Ethics, a doctor and his hairt-beat

I had several envelopes like this delivered through my letter-box.

Immediately recognisable, even before opening, I felt my heart (‘hairt’ in Scottish) beat much faster.

I shall try and explain why.

hairt-beat

This is another pattern that I wish to present.

Alexander McCall Smith, as an admirer of my films, wrote to me about our shared interest in patterns. He recommended this book “A pattern language” which has inspired some of my recent posts:

026

The envelopes from NHS Forth Valley to my home address were always from Senior Managers and nearly always officially reminded me of “Good Medical Practice” as issued by the General Medical Council.

Here is an example from a letter from the Medical Director of NHS Forth Valley, Dr Peter Murdoch, to me dated 21st May 2014. It was part of a wider letter.  The letter made references to my “behaviour”. The letter summoned me to an “informal” meeting with the Medical Director and General Manager for NHS Forth Valley:

21-may-2014

When I was off sick, due to work stress, the Locum Consultant who covered for me, had the following experience:

annoyed & demanding

The Locum Consultant concluded that this demonstrated:

disregard

This was the Locum Consultant’s experience of the Medical Director, Dr Peter Murdoch. There was no action taken here.

three

I have many interests: interests which remind me how little I know. One of my interests is in ethics.

In my 13 years with NHS Forth Valley my ethical interests were in three broad areas.

In my time with NHS Forth Valley there was no forum to discuss ethics.

The FIRST was:Timely-can-we-do-better

It is fully accurate to say that not one of my consultant medical colleagues in NHS Forth Valley shared my advocacy for a timely approach to the diagnosis of dementia. Today it is the basis to the diagnosis of dementia across Europe

The SECOND was:
transparency1

I share the view of most ethicists and many in academia that education and research should be free of marketing. Free of any distortion created by financial incentives. I have petitioned for a Sunshine Act (or clause) for Scotland. I believe that a central, open-access register would be straightforward and not at all costly to set up.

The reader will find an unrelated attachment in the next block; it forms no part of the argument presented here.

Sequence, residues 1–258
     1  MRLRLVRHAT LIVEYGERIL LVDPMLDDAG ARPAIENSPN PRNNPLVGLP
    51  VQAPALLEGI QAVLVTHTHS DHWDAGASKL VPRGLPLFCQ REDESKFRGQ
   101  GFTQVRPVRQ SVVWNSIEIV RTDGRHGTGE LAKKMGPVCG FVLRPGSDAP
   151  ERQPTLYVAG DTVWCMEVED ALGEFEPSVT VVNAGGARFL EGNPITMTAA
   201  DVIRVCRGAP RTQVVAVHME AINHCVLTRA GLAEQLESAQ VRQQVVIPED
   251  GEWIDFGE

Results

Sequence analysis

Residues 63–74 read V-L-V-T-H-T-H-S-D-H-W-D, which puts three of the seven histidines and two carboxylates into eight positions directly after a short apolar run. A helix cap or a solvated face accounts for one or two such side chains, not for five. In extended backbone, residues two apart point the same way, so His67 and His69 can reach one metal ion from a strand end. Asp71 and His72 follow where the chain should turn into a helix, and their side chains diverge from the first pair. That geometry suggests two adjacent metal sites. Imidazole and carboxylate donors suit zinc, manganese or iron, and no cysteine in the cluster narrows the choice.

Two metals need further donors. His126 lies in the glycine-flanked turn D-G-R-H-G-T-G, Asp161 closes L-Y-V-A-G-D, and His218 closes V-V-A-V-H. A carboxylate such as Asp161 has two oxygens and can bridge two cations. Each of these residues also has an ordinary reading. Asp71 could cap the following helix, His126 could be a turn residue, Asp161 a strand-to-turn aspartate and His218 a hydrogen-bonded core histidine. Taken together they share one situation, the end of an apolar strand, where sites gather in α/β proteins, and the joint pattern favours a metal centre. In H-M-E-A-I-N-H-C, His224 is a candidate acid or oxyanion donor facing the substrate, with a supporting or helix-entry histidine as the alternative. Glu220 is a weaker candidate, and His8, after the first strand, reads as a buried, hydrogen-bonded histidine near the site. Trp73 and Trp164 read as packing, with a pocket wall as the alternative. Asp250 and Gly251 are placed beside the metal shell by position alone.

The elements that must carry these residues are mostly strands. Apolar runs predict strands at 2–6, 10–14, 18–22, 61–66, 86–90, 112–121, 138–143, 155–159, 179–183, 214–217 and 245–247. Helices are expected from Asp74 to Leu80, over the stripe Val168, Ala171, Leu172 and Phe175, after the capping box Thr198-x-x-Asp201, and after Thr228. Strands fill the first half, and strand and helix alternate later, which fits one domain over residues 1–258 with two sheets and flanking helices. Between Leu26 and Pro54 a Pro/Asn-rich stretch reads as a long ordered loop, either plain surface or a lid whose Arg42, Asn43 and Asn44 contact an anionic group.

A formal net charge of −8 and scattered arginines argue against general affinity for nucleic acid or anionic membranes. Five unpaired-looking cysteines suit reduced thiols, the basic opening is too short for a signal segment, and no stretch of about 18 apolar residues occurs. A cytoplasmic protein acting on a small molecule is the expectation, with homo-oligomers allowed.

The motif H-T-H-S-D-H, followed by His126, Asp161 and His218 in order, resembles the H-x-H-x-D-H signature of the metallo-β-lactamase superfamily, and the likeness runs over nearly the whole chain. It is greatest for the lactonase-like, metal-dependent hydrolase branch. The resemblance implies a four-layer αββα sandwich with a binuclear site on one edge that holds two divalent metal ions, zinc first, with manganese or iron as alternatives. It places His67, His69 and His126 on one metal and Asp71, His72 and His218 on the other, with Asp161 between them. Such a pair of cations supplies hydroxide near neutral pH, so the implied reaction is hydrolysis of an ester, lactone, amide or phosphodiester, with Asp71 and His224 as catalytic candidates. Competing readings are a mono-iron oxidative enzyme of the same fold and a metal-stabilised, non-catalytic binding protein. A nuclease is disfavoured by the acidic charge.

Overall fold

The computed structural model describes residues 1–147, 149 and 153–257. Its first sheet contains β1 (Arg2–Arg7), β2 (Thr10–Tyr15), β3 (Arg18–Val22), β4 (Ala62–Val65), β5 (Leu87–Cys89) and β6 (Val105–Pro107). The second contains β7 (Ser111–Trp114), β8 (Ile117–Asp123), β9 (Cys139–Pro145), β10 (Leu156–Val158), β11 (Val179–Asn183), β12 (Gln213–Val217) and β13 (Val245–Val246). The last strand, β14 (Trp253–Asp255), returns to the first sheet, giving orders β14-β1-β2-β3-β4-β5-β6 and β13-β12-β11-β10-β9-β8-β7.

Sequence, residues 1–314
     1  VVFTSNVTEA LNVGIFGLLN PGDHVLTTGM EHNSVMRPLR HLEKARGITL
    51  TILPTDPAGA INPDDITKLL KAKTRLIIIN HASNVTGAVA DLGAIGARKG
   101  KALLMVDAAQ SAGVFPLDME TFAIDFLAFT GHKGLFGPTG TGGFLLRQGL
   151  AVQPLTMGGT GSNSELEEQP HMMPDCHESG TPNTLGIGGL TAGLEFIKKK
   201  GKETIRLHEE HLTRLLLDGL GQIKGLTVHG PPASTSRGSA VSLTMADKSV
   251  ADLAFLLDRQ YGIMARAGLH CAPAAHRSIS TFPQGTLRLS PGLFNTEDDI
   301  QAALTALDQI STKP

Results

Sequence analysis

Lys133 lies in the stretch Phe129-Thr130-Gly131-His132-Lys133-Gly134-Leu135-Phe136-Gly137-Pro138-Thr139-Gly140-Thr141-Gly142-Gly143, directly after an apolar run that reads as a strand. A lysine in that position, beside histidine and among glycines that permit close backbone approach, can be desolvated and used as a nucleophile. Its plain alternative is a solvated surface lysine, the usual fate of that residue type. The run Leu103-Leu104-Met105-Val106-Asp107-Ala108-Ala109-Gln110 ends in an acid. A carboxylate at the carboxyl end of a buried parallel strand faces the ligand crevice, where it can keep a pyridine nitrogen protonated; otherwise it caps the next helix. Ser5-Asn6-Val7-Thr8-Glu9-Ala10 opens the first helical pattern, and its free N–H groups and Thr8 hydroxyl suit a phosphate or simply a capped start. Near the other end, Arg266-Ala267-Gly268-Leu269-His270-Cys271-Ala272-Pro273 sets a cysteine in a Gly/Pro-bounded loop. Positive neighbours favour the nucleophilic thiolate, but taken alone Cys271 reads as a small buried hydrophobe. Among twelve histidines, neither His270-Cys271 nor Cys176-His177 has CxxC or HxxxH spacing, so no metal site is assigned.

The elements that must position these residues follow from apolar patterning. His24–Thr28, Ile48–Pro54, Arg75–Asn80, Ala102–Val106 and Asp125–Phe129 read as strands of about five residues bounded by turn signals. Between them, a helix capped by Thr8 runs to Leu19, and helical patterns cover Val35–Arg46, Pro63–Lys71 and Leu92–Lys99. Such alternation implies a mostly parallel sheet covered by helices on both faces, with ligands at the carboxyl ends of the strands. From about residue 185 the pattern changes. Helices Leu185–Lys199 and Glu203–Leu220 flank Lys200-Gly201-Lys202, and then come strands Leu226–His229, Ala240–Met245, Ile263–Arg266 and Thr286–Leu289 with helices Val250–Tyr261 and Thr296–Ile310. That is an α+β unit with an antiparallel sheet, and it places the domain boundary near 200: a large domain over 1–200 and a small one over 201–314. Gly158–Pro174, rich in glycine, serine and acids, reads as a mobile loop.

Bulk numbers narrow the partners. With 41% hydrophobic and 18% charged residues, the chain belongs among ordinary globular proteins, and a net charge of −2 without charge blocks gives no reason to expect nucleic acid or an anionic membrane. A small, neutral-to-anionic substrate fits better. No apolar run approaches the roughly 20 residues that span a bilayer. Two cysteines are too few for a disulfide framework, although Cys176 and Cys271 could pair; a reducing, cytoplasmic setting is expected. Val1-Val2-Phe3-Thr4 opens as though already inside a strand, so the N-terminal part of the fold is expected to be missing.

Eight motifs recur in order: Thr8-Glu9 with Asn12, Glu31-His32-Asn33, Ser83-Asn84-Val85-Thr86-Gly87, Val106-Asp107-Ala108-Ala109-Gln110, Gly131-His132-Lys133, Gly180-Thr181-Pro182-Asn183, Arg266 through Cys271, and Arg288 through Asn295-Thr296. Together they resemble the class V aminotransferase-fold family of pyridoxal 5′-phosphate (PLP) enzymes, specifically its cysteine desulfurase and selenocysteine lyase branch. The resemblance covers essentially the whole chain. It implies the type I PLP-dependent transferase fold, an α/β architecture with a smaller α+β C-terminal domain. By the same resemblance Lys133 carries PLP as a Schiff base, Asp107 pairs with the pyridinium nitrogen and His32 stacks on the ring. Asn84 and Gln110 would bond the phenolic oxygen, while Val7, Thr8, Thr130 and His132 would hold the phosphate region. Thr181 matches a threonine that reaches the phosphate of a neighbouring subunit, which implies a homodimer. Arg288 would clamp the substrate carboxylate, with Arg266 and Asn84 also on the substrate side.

The THIRD was:
consent

My view is that we need to consider more fully the importance of consent. Any intervention, be it a test, or a “tool”, or a treatment can have potential benefits and potential harms. These need to be shared as best as we can.

The Former Cabinet Minister for Health and Wellbeing, October 2014:

Neil-12-Oct-14

This week, the General Medical Council published:

CropperCapture[1]

This report confirmed that 54% of those doctors who committed suicide had been referred by their employers.

One response to this GMC investigation remarked:

“There is a parallel with whistleblowing here. The stress of the situation caused mental health difficulties and the person concerned is therefore dismissed as being unwell. Which comes first?”

My experience in raising ethical considerations, and thus trying to put patients first, was very difficult indeed.

I do hope other healthcare professionals, if they raise genuine concerns, will not face what I have faced for raising ethical considerations.

I see a pattern here. So did a senior NHS doctor who wrote to me recently:

“No wonder NHS doctors live in fear when threatened with the GMC for raising ethical concerns in the workplace.”

One thought on “Ethics, a doctor and his hairt-beat

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